Weird Hexagonal Diamonds From Another Planet Discovered on Earth

Scientists have detected the presence of a rare "folded diamond" that arrived on Earth from outer space via an asteroid.

The material found is known as lonsdaleite, and like a diamond, it's made out of carbon. The difference is that its crystal structure is arranged in a hexagonal pattern, so lonsdaleite is sometimes referred to as hexagonal diamond.

Lonsdaleite is of scientific interest because the material could theoretically be even harder than regular diamond, suggesting it could have all sorts of industrial applications. Regular diamond is already used in high-end saw blades, for example.

Diamond and Earth
Left: A stock close-up photo of a diamond. Right: A stock illustration showing a space object like a comet or asteroid approaching Earth. Scientists think the diamond-like material lonsdaleite arrived on Earth from space. Drew Beynon #DBPic/johan63/Getty

Scientists have known about lonsdaleite for at least half a century, after discovering it in meteorite samples, but the amounts discovered have been tiny with crystals measuring just nanometers in size.

Now researchers say they have found significant amounts of the material hidden inside meteorite samples from northwest Africa, with some crystals about 1,000 times bigger than the ones previously discovered.

"It's really exciting because there were some people in the field who doubted whether this material even existed," Alan Salek, a physics Ph.D student at the Royal Melbourne Institute of Technology (RMIT) in Australia who was part of the research team, told the New Scientist.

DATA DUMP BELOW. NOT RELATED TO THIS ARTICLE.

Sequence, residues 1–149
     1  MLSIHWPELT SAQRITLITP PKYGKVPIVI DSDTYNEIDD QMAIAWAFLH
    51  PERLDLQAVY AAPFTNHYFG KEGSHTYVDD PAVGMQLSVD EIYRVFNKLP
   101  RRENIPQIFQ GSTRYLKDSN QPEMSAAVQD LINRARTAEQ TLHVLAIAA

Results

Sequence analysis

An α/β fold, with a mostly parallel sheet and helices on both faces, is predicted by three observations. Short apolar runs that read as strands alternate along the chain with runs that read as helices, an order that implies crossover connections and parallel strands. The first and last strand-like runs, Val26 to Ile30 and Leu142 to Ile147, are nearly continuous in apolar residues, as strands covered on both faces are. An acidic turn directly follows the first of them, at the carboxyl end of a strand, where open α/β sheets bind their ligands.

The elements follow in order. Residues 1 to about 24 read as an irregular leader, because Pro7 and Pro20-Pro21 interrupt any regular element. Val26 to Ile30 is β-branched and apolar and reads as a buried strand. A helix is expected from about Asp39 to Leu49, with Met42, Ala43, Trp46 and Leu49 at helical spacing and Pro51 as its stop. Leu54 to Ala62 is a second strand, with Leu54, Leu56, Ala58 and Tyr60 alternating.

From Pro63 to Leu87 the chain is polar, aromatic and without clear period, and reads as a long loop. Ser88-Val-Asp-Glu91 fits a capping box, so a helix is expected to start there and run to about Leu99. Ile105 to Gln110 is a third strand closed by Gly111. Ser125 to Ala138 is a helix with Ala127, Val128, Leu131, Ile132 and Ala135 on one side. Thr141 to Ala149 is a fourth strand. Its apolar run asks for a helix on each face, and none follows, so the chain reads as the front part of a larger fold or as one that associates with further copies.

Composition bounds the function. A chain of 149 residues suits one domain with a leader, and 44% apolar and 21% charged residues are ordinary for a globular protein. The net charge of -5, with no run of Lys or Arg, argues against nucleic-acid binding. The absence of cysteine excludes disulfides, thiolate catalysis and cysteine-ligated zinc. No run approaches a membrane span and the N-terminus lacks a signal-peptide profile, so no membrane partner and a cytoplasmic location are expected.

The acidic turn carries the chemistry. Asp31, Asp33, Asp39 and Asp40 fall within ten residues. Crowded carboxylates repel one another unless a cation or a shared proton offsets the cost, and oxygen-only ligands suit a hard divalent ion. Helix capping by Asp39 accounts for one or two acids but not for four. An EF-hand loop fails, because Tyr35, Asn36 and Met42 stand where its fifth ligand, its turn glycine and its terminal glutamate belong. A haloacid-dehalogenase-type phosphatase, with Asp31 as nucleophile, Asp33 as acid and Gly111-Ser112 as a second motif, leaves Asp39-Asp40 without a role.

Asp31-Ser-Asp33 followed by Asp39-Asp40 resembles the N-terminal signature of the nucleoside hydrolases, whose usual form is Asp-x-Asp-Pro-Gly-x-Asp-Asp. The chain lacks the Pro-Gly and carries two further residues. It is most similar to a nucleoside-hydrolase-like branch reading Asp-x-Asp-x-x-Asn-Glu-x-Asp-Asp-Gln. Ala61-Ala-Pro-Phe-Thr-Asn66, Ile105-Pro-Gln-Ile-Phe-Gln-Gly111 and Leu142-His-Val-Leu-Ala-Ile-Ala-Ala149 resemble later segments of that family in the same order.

Based on the team's analysis, it's thought that the lonsdaleite was formed in a high-energy cosmic collision that occurred over 4.5 billion years ago—perhaps involving a dwarf planet or a very large asteroid.

The heat and pressure caused by this collision would have compressed folded graphite stored inside the mantle of this cosmic object and produced a mix of fluids and gases that would have then been released, leaving the lonsdaleite behind.

It's not dissimilar to how diamonds are manufactured on Earth using a process called chemical vapor deposition (CVD)—though the difference is the naturally occurring pressure used to form the lonsdaleite would have been higher.

It wouldn't be the first time we've discovered exotic materials from space. Chinese researchers recently said they had found a new phosphate mineral on the moon by studying lunar dust samples they had brought back to Earth.

Nick Wilson, another member of the team who discovered the lonsdaleite in the African meteorite samples, said the new findings could allow researchers to tweak existing diamond-production processes to manufacture lonsdaleite instead.

"So, nature appears to have given us clues on how to make shaped ultra-hard micro machine parts," he wrote in an article for The Conversation. "If we can find a way to replicate the process preserved in the meteorites, we can make these machine parts by replacement of pre-shaped graphite with lonsdaleite."

A study outlining the discovery was published in the journal Proceedings of the National Academy of Sciences (PNAS) on September 12.

Diamonds
A file photo of several diamonds shining against a blurred background. The rare material lonsdaleite, discovered in meteorites, could theoretically be harder than diamond. Kado/Getty